US stock rally sends Asian markets mostly higher, but weakening dollar sends Tokyo shares down

TOKYO – Asian stocks were mixed in early Thursday trading, as Tokyo slumped over the U.S. Fed statement overnight that has reversed a recent trend for a strong dollar, while the rest of the region was cheered by a surge on Wall Street that followed.

KEEPING SCORE: Japan’s benchmark Nikkei 225 slipped 0.7 per cent to 19,418.38 in morning trade. A weak yen has been a boon for the nation’s giant exporters. South Korea’s Kospi added 0.4 per cent to 2,037.35 and Hong Kong’s Hang Seng jumped 1.2 per cent to 24,419.55. Other Asian bourses were also higher, including Taiwan, Singapore, Indonesia and the Philippines.

WALL STREET: The Standard & Poor’s 500 index rose 25.22 points, or 1.2 per cent, to 2,099.50, after the release of a statement from the Federal Reserve that gave a cautious outlook on the U.S. economy. The Dow Jones industrial average gained 227.11 points, or 1.3 per cent, to 18,076.19. The Nasdaq composite rose 45.39 points, or 0.9 per cent, to 4,982.83.

THE FED EFFECT: The statement from U.S. Federal Reserve Chair Janet Yellen took investors by surprise, and interest rates are now expected to head higher but at a slower pace than previously thought. The Fed has held its benchmark interest rate close to zero since 2008. Low rates make it easier for businesses and consumers to borrow and spend, but it also tends to weaken that nation’s currency.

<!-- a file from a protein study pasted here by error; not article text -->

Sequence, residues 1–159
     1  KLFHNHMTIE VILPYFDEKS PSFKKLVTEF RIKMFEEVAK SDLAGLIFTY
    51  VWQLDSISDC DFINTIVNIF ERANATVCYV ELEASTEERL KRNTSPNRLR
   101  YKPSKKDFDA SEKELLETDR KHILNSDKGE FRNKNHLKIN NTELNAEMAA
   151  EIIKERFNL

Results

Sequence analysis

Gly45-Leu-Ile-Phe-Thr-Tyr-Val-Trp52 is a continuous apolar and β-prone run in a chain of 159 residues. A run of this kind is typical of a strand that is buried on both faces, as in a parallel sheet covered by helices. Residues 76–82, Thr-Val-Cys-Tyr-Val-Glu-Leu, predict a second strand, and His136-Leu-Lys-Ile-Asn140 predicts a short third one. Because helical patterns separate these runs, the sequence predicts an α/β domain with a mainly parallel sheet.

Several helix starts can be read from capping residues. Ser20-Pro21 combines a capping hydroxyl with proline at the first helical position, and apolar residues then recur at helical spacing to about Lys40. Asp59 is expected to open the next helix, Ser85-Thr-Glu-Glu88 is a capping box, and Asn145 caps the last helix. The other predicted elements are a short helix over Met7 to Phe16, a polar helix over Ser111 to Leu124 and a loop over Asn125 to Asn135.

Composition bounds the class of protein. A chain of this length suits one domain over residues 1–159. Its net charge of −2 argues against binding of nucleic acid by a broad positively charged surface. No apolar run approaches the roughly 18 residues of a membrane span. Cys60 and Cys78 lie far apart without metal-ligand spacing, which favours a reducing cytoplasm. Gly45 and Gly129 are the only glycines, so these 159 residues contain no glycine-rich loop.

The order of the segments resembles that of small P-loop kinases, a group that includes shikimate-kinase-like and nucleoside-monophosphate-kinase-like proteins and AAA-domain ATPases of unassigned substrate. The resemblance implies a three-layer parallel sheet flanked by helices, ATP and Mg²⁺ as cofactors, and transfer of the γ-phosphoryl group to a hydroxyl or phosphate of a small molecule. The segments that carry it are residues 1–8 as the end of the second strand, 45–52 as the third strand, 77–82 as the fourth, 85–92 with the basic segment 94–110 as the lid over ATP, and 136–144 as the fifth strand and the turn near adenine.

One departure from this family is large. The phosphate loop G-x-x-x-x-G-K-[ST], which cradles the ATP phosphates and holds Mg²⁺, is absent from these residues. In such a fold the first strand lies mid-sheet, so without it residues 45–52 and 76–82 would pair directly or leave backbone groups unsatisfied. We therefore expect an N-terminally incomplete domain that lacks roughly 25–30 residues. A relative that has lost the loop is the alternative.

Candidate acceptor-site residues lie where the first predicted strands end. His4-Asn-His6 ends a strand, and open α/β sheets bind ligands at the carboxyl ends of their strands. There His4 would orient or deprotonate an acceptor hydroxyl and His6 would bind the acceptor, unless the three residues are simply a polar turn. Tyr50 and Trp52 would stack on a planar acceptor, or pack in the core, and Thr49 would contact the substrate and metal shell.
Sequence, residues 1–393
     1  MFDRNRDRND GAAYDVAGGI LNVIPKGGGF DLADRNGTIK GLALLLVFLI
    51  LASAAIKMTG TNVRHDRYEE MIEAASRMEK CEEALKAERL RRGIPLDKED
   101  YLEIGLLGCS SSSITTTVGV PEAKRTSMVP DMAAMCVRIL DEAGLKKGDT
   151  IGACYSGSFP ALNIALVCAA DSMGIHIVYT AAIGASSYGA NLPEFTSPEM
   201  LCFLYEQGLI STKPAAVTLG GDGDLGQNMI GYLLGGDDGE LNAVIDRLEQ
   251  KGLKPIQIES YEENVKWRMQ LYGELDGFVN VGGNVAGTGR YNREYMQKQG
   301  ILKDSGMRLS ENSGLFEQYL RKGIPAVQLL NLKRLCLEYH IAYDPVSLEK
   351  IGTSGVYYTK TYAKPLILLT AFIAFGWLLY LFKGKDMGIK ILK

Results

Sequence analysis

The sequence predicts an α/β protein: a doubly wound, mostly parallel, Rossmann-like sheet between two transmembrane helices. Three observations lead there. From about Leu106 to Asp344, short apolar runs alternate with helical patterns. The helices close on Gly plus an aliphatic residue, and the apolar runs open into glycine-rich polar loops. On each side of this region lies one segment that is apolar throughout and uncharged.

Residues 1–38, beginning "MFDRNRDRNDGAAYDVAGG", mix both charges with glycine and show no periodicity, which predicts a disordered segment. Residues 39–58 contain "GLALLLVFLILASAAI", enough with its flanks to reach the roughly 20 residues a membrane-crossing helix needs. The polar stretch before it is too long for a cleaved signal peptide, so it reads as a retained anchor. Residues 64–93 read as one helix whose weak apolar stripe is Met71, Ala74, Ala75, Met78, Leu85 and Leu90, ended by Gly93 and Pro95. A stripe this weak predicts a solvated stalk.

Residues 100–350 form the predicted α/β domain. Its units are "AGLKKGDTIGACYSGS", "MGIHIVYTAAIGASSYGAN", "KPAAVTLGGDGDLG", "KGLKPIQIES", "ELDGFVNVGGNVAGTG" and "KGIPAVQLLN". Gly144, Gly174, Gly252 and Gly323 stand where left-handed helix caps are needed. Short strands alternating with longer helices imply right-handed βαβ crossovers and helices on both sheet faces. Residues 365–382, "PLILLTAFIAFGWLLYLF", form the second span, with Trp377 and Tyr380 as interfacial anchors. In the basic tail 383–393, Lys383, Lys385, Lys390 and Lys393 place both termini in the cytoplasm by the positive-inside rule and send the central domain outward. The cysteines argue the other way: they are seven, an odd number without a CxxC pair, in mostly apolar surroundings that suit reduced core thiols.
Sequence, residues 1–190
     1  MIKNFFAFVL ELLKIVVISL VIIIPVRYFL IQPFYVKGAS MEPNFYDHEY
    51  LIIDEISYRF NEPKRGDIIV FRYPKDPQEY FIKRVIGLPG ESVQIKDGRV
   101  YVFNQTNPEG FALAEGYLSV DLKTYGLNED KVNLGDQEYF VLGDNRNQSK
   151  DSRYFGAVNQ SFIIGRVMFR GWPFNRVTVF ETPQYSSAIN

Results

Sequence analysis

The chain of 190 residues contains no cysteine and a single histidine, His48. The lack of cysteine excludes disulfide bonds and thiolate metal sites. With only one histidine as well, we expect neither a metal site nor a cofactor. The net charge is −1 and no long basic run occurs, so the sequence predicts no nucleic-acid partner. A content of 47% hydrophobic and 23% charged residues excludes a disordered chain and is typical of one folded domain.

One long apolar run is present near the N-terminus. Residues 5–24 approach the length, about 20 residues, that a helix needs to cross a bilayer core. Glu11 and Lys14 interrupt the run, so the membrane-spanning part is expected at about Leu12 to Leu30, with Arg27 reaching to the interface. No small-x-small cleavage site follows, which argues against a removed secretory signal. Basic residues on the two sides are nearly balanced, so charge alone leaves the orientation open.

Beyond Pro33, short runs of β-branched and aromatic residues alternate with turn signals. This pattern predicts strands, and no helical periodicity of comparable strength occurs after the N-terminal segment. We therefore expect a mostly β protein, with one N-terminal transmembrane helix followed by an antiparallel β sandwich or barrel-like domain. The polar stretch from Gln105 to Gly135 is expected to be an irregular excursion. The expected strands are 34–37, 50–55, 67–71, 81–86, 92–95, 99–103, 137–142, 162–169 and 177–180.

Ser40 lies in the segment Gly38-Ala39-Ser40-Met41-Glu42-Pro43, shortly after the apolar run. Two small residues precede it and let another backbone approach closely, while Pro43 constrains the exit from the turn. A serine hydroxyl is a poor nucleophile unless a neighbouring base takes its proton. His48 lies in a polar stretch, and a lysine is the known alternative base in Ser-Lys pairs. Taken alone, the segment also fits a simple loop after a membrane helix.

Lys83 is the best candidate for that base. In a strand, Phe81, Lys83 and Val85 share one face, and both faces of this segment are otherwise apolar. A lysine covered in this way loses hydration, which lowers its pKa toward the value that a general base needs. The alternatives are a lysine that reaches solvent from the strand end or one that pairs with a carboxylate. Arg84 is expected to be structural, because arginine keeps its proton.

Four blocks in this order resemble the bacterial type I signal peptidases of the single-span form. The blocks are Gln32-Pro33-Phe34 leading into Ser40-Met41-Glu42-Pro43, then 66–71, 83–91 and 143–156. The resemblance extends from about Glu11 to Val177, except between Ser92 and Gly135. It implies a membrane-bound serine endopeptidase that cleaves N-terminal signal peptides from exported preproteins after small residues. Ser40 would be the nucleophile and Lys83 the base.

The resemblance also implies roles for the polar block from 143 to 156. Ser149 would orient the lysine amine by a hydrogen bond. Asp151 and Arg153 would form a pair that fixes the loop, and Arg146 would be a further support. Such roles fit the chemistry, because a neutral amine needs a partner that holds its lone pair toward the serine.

ANALYST TAKE: “Yellen highlighted the strong dollar as one reason for slower exports,” said Chang Wei Liang, of Mizuho Bank in Singapore. “The big surprise yesterday was that the Fed acknowledged the negative impact stemming from the strong U.S. dollar.”

TUNISIA WORRIES: A militant attack on a museum in Tunisia’s capital has set off some worries about global stability. The attack killed 19 people in the deadliest attack on civilians in the North African country in 13 years. Two gunmen were slain by security forces.

ENERGY: Benchmark U.S. crude sank 58 cents to $44.08 a barrel in New York. Brent crude, a benchmark for international oils used by many U.S. refineries, dipped 21 cents to $55.70 a barrel.

CURRENCIES: Prospects of a slower pace in the rise of U.S. interest rate have sent the dollar lower against other currencies. The dollar cost 120.21 yen, down from 120.23 yen. The euro was little changed at $1.0805.